In shocking news that comes in utter contradiction to a statement released just yesterday, University of Missouri President Tim Wolfe has announced his resignation.
The move comes after incidents of bigotry and racial vandalism that scarred the Columbia campus, followed by weeks of protest, a hunger strike by grad student Jonathan Butler, as well as the announcement that faculty members would not be showing up for work.
Yet the tipping point for Wolfe’s departure was the announcement Saturday night that the black football players at Mizzou would be refusing to practice or play until the school president was gone. Their announcement was followed the next day by a widely circulated photo of most of the team, including many white players, sitting with head coach Gary Pinkel, and the statement that the players had full support of the coaching staff in their efforts. Tim Wolfe makes $459,000 a year and the school would have to forfeit $1 million just for missing this weekend’s game against BYU. In other words, math was not on Tim Wolfe’s side and he was as good as gone.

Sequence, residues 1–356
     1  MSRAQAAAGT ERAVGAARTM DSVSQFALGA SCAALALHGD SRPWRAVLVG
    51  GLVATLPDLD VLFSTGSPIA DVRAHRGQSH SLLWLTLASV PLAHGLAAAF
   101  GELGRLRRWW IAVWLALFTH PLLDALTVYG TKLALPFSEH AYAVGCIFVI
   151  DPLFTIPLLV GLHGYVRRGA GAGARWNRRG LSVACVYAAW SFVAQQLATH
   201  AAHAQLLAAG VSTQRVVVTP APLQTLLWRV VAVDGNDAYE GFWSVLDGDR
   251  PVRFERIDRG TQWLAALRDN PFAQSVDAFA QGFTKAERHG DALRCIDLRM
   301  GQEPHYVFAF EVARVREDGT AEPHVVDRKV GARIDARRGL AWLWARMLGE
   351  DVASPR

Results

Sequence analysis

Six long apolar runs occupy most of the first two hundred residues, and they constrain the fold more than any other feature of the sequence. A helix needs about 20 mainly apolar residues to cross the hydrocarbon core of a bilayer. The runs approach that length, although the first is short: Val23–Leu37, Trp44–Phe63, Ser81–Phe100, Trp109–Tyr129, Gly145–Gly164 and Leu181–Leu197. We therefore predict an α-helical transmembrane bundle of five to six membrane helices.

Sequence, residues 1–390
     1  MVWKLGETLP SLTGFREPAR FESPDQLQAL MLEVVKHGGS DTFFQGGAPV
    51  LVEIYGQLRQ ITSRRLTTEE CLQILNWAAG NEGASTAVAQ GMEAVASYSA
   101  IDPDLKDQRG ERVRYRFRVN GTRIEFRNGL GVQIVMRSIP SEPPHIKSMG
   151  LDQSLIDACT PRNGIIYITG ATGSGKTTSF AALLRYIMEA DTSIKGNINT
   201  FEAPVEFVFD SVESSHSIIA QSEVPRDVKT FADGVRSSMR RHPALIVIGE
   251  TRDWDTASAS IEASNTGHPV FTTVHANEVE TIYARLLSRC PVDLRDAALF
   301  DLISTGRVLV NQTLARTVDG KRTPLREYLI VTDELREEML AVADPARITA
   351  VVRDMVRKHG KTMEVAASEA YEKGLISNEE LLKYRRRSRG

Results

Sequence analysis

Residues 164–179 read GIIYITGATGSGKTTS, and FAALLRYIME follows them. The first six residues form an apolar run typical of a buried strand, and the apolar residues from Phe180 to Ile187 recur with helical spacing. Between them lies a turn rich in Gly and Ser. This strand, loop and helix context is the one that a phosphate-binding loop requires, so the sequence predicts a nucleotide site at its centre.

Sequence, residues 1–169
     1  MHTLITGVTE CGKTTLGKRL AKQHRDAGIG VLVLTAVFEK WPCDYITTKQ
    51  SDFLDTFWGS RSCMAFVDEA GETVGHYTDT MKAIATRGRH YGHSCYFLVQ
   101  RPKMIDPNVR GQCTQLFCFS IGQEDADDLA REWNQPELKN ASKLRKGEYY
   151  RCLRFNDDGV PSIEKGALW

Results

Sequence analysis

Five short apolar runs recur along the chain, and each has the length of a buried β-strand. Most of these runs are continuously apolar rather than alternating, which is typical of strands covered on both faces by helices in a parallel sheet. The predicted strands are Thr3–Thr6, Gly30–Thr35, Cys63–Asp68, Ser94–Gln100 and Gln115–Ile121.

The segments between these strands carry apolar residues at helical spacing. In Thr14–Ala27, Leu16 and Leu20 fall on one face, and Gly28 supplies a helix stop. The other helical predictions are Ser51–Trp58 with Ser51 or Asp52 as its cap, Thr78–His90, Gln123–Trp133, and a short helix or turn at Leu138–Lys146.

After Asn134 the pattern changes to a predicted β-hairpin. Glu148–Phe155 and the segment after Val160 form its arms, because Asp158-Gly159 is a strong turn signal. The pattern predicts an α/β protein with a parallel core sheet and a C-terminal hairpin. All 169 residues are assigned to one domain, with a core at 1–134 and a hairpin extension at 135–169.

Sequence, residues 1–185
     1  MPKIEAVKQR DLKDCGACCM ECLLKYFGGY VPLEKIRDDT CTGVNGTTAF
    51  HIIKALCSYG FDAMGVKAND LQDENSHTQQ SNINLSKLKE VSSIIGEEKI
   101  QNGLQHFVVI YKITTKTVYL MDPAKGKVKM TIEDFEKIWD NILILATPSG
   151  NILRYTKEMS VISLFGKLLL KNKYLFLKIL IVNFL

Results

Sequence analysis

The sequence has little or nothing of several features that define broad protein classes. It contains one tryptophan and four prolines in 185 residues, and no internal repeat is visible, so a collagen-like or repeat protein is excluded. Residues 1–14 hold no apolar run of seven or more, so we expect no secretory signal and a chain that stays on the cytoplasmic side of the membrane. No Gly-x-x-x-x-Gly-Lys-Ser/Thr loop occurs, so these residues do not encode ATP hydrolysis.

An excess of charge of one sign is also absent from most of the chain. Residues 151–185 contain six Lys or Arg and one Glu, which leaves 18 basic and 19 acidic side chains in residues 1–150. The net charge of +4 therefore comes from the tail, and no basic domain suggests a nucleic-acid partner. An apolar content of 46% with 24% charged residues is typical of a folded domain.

There are some immediate lessons from this that should be absolutely glaring.
1) Don’t be Tim Wolfe. In 2015, you cannot run a school while being blasé in the face of acts of racist harassment. You cannot, as Wolfe’s supporters bragged when he was brought on in 2012, “run the university like a tech company.” You can’t raise tuition and slash funding for things like health-insurance subsidies while pushing a $72 million expansion of the school’s football stadium. When asked about “systematic oppression,” you can’t say “Systematic oppression is when you don’t believe that you have the equal opportunity for success,” as if marginalized students are just making up the slurs, the vandalism, and the general feeling of being unsafe on their own campus. Don’t be Tim Wolfe, unless you want to be unemployed.
2) Athletes—so often scripted as powerless—have tremendous social power on campus. Too often, those sympathetic with college athletes define them by their hardships instead of by their dazzling, inescapable strengths. We rightfully look at their absence of due process, their lack of access to an income, their hellacious practice and travel schedules, their inability to take the classes of their choosing, and their year-to-year scholarships that consign them to being more “athlete students” than “student athletes.”